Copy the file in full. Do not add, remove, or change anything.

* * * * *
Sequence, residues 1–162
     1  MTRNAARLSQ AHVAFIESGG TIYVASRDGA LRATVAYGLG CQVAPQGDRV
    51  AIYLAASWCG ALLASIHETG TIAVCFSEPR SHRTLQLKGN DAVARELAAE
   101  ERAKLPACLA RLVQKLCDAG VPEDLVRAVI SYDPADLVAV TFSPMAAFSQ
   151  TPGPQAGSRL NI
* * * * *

Sequence, residues 1–162
     1  MTRNAARLSQ AHVAFIESGG TIYVASRDGA LRATVAYGLG CQVAPQGDRV
    51  AIYLAASWCG ALLASIHETG TIAVCFSEPR SHRTLQLKGN DAVARELAAE
   101  ERAKLPACLA RLVQKLCDAG VPEDLVRAVI SYDPADLVAV TFSPMAAFSQ
   151  TPGPQAGSRL NI